Empty nesting is a transition, not an event. When children start heading off to college, the leave is often temporary at first. Kids come back from college for holidays and the summer so it’s not practical to renovate their rooms immediately. Parents often also have emotional attachment to the trappings of their children and are loath to erase those special memories. However, just as the transition to an empty nest is gradual, so can your renovation be.
When you’re ready to move forward with the empty nesting stage, the first decision will be whether you want to repurpose your unused rooms or downsize your home altogether. You have to estimate how often your children will return to visit, take into account your own health and mobility compared to your home’s ease of accessibility, and calculate your finances to see what options you can best afford.
If you decide to age in place, you’ll want to figure out new uses for the rooms that formerly functioned as your children’s rooms. You’ll want a guest room or two, but even the guest rooms might be used for other things between visitors’ stays. Danielle Galland, an interior designer who also writes for The New York Times designed a guest room with a built-in desk along one wall. Above the desk she installed shelving and a monitor that doubles as both a computer screen and television.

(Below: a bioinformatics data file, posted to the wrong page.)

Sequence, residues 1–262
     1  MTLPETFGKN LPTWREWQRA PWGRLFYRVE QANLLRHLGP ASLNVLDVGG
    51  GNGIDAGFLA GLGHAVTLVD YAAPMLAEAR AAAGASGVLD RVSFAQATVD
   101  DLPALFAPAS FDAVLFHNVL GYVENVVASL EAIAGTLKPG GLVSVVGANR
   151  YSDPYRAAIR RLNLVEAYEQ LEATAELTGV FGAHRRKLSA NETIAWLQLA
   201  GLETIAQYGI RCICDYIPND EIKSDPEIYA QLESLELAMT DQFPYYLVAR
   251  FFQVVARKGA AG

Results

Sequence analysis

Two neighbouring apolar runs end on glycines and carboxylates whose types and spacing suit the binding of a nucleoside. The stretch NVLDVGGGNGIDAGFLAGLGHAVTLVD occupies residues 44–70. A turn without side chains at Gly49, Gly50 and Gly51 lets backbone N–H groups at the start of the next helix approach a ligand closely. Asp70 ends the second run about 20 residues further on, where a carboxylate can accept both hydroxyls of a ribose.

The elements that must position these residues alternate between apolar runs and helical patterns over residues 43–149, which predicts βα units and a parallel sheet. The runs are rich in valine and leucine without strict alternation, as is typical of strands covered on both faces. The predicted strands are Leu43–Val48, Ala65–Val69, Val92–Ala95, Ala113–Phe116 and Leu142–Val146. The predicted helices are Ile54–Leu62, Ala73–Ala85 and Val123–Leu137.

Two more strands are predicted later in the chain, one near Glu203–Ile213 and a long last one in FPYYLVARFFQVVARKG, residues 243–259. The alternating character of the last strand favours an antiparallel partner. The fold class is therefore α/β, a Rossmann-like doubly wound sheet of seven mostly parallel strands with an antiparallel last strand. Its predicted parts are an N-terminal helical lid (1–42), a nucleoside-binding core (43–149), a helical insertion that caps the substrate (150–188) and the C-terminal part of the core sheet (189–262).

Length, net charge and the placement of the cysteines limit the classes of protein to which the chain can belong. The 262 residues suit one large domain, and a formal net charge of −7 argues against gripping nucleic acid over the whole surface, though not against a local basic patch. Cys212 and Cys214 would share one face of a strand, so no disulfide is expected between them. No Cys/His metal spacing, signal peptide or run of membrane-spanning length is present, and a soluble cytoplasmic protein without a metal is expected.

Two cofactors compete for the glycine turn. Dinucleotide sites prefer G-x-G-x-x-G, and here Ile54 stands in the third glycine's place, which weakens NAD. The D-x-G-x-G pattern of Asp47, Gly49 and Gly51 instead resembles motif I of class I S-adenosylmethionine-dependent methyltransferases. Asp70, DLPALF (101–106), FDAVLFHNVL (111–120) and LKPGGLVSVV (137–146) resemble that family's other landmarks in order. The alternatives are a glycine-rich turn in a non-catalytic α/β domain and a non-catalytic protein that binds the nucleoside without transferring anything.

Some NYT readers wondered how the space might be made guest-friendly and returning child-friendly. You’ll likely rework the design to make it feel more neutral, but keep a flavor of the child’s tastes in the room by incorporating pictures of them hung on the walls or their favorite color used as a motif.
Extra bedrooms that aren’t turned into guest rooms are often re-purposed into hobby rooms. Women interested in sewing may turn the room into a crafts room where their sewing machine can always be set up and they don’t have to pick up their craft tools. Men might turn an extra room into a lounge or an office.
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